SUMMER 2017 / VOL. 17, NO. 3

Reform is a State of Mind

An excerpt from Letters to a Young Education Reformer

Special Education Standards

Supreme Court raises level of benefit

SUMMER 2017 / VOL. 17, NO. 3

Clown School

A review of “Class Clowns: How the Smartest Investors Lost Billions in Education” by Jonathan A. Knee

SUMMER 2017 / VOL. 17, NO. 3

Is Your Child Ready for Kindergarten?

Redshirting may do more harm than good

SUMMER 2017 / VOL. 17, NO. 3

‘Redshirting’ preschoolers may do more harm than good

Educator and researcher agree that it’s generally not worth it to delay kindergarten start time

SUMMER 2017 / VOL. 17, NO. 3

A $20 Billion Federal School Choice Tax Credit Program: Yes, no, maybe, how so

The Thomas B. Fordham Institute, Education Next, and the Hoover Institution have teamed up to bring forth two pointed discussions, each centered around a critical question.

On Teaching Controversy

A review of “The Case for Connection” by Jonathan Zimmerman and Emily Robertson

SUMMER 2017 / VOL. 17, NO. 3

Hamilton Goes to High School

How students are learning U.S. history from the hottest show on Broadway

SUMMER 2017 / VOL. 17, NO. 3

Is Test-Based Accountability Dead?

Three experts weigh in, and look to the future

SUMMER 2017 / VOL. 17, NO. 3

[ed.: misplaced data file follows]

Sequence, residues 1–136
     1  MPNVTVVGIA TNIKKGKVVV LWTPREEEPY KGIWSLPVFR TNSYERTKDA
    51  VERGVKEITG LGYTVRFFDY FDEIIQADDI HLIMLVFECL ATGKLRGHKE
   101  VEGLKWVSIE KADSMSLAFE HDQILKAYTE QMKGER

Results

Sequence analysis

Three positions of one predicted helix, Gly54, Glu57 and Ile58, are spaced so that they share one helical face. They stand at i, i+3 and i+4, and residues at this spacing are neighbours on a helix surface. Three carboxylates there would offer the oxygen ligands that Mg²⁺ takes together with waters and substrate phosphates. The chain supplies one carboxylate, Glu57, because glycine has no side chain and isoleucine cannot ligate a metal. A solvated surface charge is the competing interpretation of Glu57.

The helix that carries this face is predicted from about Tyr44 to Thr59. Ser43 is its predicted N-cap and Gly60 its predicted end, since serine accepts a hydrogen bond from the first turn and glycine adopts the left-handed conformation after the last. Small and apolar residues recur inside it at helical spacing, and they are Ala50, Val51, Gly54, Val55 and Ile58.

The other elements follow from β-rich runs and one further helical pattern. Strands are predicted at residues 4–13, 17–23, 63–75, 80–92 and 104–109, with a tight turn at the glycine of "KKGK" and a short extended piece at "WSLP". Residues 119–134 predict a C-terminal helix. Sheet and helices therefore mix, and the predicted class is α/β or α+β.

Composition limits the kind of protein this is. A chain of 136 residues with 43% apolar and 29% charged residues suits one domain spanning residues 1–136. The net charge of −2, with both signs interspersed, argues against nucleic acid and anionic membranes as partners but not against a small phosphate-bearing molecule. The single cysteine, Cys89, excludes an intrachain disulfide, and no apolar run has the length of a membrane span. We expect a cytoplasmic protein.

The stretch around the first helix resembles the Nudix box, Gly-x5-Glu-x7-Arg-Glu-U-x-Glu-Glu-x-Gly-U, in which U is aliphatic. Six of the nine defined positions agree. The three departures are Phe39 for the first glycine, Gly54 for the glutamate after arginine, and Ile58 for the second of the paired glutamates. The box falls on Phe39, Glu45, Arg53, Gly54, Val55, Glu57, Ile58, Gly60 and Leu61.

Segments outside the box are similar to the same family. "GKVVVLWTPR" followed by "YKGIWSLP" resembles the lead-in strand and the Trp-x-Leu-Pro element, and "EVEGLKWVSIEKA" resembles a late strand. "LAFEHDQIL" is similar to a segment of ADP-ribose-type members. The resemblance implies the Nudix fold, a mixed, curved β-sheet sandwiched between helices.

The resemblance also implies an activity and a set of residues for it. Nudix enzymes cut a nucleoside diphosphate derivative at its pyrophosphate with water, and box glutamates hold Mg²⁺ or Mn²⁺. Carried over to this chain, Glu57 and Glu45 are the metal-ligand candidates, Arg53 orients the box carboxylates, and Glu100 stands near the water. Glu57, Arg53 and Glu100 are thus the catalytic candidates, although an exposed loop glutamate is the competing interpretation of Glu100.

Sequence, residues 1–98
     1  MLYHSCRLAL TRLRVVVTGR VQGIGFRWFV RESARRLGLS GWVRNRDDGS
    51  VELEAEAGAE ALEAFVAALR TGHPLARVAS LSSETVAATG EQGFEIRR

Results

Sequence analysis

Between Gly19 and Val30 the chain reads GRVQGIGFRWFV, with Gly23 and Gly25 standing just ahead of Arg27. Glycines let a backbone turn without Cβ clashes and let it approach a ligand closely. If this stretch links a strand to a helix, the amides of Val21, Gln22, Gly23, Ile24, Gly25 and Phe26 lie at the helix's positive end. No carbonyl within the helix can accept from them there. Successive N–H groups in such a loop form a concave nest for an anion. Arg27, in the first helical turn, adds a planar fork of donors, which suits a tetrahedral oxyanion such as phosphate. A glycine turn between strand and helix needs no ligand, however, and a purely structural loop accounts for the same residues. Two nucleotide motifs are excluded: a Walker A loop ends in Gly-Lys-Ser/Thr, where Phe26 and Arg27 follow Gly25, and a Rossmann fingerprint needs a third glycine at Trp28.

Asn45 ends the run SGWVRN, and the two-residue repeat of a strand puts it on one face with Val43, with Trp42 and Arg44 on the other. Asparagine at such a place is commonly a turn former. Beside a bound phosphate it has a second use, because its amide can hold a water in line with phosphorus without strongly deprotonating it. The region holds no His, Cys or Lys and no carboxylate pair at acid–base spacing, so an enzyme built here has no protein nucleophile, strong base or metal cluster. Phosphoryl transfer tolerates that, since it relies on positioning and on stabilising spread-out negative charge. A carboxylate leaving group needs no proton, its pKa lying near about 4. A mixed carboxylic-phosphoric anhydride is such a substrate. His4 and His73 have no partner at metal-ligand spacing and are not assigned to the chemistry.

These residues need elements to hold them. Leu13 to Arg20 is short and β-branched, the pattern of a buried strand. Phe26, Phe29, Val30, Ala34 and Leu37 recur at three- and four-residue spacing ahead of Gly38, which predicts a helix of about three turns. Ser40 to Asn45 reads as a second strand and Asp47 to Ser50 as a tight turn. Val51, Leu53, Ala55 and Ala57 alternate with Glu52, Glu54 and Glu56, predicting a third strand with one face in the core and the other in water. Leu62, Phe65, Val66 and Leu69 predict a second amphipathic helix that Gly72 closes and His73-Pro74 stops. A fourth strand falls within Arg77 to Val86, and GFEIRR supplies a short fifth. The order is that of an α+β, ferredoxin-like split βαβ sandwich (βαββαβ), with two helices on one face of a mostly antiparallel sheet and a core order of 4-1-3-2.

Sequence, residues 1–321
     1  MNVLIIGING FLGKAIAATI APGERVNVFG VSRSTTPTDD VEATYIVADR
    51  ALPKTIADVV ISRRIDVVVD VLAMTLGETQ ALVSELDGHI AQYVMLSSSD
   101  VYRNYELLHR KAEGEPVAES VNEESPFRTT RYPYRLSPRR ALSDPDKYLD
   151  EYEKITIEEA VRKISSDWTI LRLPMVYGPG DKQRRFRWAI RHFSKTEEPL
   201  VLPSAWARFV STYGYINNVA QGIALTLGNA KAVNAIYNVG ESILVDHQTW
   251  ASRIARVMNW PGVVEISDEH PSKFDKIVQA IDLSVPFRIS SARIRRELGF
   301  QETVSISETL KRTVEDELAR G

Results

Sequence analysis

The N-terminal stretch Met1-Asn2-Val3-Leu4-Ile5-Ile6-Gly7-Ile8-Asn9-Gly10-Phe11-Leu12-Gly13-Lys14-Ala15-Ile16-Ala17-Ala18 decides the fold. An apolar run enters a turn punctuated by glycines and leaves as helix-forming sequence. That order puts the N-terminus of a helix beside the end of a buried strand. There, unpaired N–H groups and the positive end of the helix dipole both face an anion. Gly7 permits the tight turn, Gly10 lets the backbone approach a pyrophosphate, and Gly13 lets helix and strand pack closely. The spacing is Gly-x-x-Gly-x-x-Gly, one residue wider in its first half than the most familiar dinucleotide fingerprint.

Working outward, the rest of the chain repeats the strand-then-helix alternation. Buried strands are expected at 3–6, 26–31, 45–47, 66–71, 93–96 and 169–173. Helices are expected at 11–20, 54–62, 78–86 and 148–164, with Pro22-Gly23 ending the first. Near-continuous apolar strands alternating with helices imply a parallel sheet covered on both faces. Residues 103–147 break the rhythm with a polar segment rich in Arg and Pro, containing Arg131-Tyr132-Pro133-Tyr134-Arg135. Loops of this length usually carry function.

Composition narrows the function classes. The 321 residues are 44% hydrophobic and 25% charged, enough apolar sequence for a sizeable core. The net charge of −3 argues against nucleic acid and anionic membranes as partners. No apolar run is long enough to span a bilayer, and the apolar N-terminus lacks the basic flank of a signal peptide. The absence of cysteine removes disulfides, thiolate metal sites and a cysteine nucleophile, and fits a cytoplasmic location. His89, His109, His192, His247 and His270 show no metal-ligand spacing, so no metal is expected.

Why Accountability Matters, and Why It Must Evolve

Try to think of an education policy that 1) has been shown, in dozens of studies across multiple decades, to positively affect student outcomes; 2) has the overwhelming support of parents and voters; 3) reinforces many other policies and facilitates quality research; and 4) has been used widely at the district, state, and national levels for decades or more.

SUMMER 2017 / VOL. 17, NO. 3

Futile Accountability Systems Should Be Abandoned

Is test-based accountability “on the wane”? The question is based on a fallacy. For something to be on the wane, it has to exist, and test-based accountability has never truly existed in the United States.

SUMMER 2017 / VOL. 17, NO. 3

If Parents Push for It, Accountability Can Work

The greatest trick the devil ever pulled in education is convincing the American public that we have had test-based accountability. The media and politicians adopted the rhetoric of “high stakes” tests without bothering to ask the question: what, exactly, are the stakes?

SUMMER 2017 / VOL. 17, NO. 3

Vague Answers to Pointed Questions

A teacher-parent-wonk shops for a school

SUMMER 2017 / VOL. 17, NO. 3

New Blueprints for K–12 Schools

Innovative design supports blended learning

SUMMER 2017 / VOL. 17, NO. 3

The Trump Administration’s $20 Billion School Choice Plan

Debating the wisdom of this idea, and what it might look like in reality